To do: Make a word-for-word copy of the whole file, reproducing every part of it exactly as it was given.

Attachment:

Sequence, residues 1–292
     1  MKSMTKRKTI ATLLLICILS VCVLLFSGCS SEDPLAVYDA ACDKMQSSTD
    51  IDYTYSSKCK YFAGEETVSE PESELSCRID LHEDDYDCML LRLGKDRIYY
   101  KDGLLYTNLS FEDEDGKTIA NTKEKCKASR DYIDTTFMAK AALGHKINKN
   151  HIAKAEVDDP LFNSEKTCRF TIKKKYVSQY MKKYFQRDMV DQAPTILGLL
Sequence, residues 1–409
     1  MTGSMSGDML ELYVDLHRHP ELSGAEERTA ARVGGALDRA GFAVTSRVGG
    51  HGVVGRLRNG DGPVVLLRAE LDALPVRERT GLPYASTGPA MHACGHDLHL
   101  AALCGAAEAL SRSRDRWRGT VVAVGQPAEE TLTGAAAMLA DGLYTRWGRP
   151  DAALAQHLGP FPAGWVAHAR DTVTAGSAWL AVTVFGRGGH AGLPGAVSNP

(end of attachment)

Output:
Sequence, residues 1–292
     1  MKSMTKRKTI ATLLLICILS VCVLLFSGCS SEDPLAVYDA ACDKMQSSTD
    51  IDYTYSSKCK YFAGEETVSE PESELSCRID LHEDDYDCML LRLGKDRIYY
   101  KDGLLYTNLS FEDEDGKTIA NTKEKCKASR DYIDTTFMAK AALGHKINKN
   151  HIAKAEVDDP LFNSEKTCRF TIKKKYVSQY MKKYFQRDMV DQAPTILGLL
Sequence, residues 1–409
     1  MTGSMSGDML ELYVDLHRHP ELSGAEERTA ARVGGALDRA GFAVTSRVGG
    51  HGVVGRLRNG DGPVVLLRAE LDALPVRERT GLPYASTGPA MHACGHDLHL
   101  AALCGAAEAL SRSRDRWRGT VVAVGQPAEE TLTGAAAMLA DGLYTRWGRP
   151  DAALAQHLGP FPAGWVAHAR DTVTAGSAWL AVTVFGRGGH AGLPGAVSNP